“Within minutes, everything we’d worked for, everything we’d been scattered across the lawn for. Even with all the success, I was still another displaced nigga. Where could I go? Where my land was my earth? Where was my home my home? In desperation and panic, I jumped off the high 85 and went straight to Africa,” the Nigerian-born rapper recounts.

Devotion to the homeland is even more particular in reggae, another influential creation of the African diaspora, with incessant anthems of redemption and repatriation, from Bob Marley’s “Zimbabwe” to Raging Fyah’s “Africa”. Nas built on that devotion in 2010, teaming up with Damian Marley to record the major pan-Africanist album, Distant Relatives.

Pan-Africanism must be as structural as it is spiritual

And yet in this album, Africa is not paradise, it is in virtuous reggae. Nas and Junior Gong even seem to play into the Western image of Africa in “The Land of Promise”, with most songs fantasizing about an Africa built by American bricks.

Imagine Ghana like California with Sunset Boulevard

Johannesburg would be Miami

Somalia like New York

With the prettiest light

The most beautiful car

Every New Year, Times Square lockdown in Africa

Imagine Lagos like Las Vegas

The kind of song that someone like Baffour Ankomah wouldn’t have produced by management, perhaps. Asking Africa to model itself on America, while ignoring terrorism and the structural ills of Uncle Sam cannot be futuristic enough. Except that these are already classic themes from the Queensbridge songbook.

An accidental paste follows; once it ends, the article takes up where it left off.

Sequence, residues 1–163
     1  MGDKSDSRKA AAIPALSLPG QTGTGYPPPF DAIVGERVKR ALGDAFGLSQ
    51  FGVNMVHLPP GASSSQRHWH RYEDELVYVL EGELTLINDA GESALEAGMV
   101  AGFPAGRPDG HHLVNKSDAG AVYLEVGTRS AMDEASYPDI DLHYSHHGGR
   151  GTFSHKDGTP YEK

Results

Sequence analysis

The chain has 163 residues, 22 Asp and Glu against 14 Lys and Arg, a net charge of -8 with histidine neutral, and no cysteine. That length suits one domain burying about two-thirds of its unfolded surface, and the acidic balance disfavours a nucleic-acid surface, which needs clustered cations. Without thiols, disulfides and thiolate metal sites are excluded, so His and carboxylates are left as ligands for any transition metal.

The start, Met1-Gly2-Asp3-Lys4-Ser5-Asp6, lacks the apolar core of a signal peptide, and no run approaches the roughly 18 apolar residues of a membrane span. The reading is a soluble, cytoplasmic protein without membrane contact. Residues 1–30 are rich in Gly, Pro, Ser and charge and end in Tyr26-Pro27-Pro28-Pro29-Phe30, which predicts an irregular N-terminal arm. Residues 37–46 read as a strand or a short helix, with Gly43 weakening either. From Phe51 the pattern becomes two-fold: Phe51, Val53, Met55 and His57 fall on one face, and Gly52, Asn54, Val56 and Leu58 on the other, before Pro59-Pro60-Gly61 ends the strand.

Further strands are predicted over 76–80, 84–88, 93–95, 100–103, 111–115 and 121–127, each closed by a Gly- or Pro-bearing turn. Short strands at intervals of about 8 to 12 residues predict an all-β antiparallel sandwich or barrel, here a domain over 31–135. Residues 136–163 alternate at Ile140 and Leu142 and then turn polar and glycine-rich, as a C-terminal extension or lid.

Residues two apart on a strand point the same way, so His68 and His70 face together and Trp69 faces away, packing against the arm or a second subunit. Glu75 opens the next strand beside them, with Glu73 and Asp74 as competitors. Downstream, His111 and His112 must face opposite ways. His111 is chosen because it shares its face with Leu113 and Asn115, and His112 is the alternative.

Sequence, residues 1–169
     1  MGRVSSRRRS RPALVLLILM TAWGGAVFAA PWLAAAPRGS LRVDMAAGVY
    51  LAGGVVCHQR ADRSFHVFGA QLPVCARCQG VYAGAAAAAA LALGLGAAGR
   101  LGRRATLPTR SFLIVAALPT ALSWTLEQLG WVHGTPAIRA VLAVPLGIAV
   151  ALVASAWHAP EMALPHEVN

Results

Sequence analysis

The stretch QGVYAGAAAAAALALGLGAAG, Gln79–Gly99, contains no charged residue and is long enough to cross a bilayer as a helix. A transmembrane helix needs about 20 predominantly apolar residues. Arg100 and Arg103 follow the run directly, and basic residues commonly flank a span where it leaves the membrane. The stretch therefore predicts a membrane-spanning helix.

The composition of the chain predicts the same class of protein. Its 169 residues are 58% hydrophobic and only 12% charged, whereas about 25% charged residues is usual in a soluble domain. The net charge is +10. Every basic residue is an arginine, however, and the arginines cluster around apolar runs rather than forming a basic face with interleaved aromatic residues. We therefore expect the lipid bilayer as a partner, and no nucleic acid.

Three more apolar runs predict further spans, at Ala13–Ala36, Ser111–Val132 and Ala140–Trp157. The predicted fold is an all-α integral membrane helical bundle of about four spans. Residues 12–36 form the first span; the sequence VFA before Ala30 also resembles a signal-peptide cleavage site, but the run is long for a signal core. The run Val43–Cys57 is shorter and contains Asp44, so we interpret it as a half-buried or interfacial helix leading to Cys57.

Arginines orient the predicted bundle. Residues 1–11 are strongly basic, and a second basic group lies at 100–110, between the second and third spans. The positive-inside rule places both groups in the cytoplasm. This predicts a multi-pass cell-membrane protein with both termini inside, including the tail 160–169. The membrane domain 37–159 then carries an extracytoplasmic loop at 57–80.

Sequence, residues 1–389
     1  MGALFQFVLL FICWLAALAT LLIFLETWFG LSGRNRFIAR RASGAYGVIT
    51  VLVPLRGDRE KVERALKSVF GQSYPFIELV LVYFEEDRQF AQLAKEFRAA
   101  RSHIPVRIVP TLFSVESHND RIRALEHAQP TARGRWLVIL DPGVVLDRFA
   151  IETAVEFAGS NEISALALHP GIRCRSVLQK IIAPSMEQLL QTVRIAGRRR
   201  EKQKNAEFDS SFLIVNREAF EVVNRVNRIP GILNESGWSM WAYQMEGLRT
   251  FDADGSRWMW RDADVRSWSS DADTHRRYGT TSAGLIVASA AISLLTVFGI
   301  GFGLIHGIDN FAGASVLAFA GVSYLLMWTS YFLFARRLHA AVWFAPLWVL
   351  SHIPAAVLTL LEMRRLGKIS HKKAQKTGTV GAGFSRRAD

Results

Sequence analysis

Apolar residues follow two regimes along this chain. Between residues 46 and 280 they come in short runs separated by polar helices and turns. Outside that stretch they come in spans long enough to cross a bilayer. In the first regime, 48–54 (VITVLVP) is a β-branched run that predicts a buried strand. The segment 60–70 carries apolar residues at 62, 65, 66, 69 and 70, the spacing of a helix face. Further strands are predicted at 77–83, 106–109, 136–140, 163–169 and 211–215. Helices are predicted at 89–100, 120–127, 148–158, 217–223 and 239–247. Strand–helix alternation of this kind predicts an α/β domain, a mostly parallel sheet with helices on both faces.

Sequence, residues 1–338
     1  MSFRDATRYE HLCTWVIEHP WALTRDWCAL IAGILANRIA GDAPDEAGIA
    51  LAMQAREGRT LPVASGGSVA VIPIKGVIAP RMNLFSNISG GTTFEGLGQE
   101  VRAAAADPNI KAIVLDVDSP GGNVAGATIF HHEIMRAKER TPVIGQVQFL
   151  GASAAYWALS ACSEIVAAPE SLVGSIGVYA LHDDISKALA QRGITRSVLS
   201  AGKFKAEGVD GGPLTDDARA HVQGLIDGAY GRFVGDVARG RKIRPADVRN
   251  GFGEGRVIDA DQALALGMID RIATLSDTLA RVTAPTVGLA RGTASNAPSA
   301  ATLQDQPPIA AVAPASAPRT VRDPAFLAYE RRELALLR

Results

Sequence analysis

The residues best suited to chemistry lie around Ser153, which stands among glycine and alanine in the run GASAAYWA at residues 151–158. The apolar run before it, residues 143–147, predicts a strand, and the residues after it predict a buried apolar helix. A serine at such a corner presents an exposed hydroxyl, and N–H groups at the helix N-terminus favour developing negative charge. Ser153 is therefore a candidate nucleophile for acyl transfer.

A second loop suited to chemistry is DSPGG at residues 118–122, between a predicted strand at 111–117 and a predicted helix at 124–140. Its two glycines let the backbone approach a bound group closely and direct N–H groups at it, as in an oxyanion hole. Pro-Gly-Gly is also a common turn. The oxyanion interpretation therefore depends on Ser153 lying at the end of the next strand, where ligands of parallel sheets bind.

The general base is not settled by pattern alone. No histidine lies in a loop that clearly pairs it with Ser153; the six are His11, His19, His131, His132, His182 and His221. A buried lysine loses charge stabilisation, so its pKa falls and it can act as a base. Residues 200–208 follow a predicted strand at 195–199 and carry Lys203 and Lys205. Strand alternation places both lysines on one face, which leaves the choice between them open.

Nas doesn’t show much conviction when he bases this vision on an unexplained miracle, suggesting that anything, including an American-style African utopia, can happen since the earth is in its final days. In “Africa Must Awaken,” Nas and Damian continue to invoke ancient greatness to show us the height from which we have fallen. Nas deciphers notorious stereotypes: slums, disease, AIDS, destruction of youth and division within the diaspora, but also puts on his Egyptologist robe to tell Africa who it essentially is:

We were kings and queens, never porch monkeys

There were empires in Africa called Kush,

Timbuktu, where all races came to get books

Learn from black teachers who taught the Greeks and Romans

Yet we are confronted in stereotypes with something that we cannot ignore. The stories of a rising Africa are still middle class stories. Their net effect on the development of the continent and its diaspora must be established. Despite all our big moves in Zimbabwe, we still deny resettled rural families and farmers legal title to land and home because power is best served by precariousness and clientelism. And many young people only know an Africa from which they can only flee in the vessels of death, xenophobia and terrorism.

Stories of a rising Africa are always middle class stories

In the wake of the Buffalo tragedy, Chance the Rapper called on black people around the world to come together and think they’re black. Pan-Africanism’s message of stronger bonds of solidarity for freedom and progress is more urgent than ever. How to leverage conversations for a Pan-Africanism that can lift Africa and the everyday African Diaspora out of state violence, food insecurity, economic inequality, displacement of ordinary people, degradation of environment, war and other evils?

To pimp another butterfly?